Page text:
Sat, Nov 18, 2006 - Page 12 News List

PlayStation 3 launches in Taipei

GAME ON All 300 PS3s were snapped up by fans prepared to queue overnight and brave wet conditions to get their hands on the first machines


A gamer yesterday smiles to the press as he carries his PlayStation 3 home following its official launch in Taipei yesterday.


Taiwan yesterday saw the debut of the long-awaited Sony Corp PlayStation 3 (PS3), along with the US and Hong Kong, after the game consoles were introduced in Japan last weekend.

All 300 units allocated for the first-sale promotion in Taipei were snapped up a day before the event started.

"I will take a nap after such a long wait, and then play it for at least 24 hours," said a 32-year-old surnamed Liao, who was the first in the queue waiting outside the Sony store at Ximending in Taipei.

He called eight other friends to join the line at 5am on Wednesday, some traveling from southern Taiwan to get their hands on the first-batch of machines.

Though queue numbers were intended to be distributed on Thursday, hordes of fans lining up outside the store in the rain prompted Sony to distribute numbers earlier and double the volumes of units to 300.

James Affleck, a 21-year-old Briton currently studying Mandarin in Taipei, attracted attention as one of a handful foreigners lining up for the PS3.

"He he said that he was looking forward to playing the yet-to-be-released Virtual Fighter 5 game.

Tetsuhiko Yasuda, managing director of Sony Computer Entertainment Asia, flew in after the Hong Kong launch earlier yesterday to take part in the Taipei event. He assured local fans that there will be sufficient supplies of the consoles, with the second-batch shipment arriving next Thursday.

"We didn't assign specific volumes for different countries. The amount for Taiwan will be enough as shipments will come in every week," he said, refusing to offer details.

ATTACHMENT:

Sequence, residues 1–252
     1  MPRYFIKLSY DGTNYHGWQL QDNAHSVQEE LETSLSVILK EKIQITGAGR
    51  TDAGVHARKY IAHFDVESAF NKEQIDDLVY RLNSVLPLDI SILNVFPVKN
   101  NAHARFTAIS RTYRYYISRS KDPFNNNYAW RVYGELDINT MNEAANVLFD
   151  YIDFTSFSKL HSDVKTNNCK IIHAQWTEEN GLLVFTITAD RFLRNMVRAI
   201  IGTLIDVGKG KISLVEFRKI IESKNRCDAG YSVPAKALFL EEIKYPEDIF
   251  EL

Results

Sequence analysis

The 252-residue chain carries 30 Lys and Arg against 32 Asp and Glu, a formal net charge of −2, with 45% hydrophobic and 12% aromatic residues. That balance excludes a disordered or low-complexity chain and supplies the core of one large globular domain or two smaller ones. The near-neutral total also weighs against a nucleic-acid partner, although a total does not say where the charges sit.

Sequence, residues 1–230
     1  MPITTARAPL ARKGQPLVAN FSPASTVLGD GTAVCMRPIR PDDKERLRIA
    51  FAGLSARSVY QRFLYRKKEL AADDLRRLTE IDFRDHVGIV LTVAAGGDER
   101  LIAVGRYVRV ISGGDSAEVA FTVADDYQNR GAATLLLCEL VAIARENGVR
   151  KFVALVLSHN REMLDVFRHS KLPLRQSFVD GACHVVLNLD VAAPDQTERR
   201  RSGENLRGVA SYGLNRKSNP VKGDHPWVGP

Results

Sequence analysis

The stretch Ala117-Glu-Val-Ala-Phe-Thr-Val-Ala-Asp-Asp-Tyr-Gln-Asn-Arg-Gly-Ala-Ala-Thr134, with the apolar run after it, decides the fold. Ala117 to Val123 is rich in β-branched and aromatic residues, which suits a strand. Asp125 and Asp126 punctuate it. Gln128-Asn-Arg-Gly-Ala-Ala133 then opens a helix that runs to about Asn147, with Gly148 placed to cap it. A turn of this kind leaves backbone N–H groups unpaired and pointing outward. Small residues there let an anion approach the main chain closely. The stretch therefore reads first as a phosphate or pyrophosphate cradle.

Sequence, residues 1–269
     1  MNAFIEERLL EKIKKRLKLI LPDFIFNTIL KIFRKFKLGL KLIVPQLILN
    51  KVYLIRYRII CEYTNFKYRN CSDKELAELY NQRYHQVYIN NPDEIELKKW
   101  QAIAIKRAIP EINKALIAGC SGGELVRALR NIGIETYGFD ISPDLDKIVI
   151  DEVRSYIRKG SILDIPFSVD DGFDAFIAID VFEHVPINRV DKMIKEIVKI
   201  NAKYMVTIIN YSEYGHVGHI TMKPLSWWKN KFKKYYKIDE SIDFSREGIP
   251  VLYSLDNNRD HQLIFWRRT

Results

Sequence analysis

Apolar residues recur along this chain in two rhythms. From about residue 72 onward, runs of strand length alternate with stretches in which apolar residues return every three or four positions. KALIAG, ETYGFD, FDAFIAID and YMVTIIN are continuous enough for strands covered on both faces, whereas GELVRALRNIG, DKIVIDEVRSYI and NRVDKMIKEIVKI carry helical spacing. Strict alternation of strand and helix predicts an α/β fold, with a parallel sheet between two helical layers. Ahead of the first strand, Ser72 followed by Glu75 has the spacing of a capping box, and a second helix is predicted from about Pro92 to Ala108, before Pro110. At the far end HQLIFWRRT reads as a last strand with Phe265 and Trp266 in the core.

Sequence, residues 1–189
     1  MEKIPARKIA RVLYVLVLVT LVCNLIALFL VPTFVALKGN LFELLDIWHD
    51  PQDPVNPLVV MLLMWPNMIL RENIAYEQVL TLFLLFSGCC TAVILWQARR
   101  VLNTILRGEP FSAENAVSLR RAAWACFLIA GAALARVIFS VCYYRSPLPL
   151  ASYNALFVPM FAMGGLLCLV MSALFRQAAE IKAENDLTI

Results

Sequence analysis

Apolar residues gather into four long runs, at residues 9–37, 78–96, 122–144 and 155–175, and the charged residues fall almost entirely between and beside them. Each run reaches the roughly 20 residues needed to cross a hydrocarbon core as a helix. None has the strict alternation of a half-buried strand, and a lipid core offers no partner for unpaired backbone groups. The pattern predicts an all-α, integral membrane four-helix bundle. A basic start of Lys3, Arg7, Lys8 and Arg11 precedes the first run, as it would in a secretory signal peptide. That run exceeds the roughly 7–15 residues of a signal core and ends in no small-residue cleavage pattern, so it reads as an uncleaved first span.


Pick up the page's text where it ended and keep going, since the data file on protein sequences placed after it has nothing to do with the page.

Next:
Sony has suffered in meeting its PS3 production and delivery goals due to a component shortage at Nichia Corp, which supplies blue laser diodes for the console's Blu-ray DVD, said researcher iSuppli Corp in a report on Thursday.

There were only 100,000 machines ready in time for the console's debut in Japan last week, with about 400,000 available for the US and 200 for Hong Kong.

Global sales of PS3 will hit two million by the end of next month, and six million by March, Yasuda said.

The 60 gigabyte (GB) PS3 retails at NT$17,980 (US$545) while the 20GB version will be made available next month at NT$14,980.

There are only three game titles for the debut, namely Genji, Ridge Racer 7 and Mobile Suit Gundam.

Microsoft Corp's Xbox 360, which debuted locally in March, sells for US$399 with a 20GB hard drive, while Nintendo Co has not announced a Taiwan launch schedule for its Wii console.

El Segundo, California-based iSuppli believes that as the PS3 uses sophisticated components, it is well worth the price tag as Sony is making a loss on each machine sold which has to be made up with game sales.

"With the PS3, you are getting the performance of a supercomputer at the price of an entry-level PC," the researcher said.

Powered by the new "Cell" computer chip from IBM Corp, and supported by the next-generation Blu-ray video disc format, the console is said to deliver nearly movie-like graphics and a realistic gaming experience.

"While many fret over the high cost and price of the PS3 compared to the competition, we believe the console provides more processing power and capability than any consumer electronics device in history," iSuppli said.

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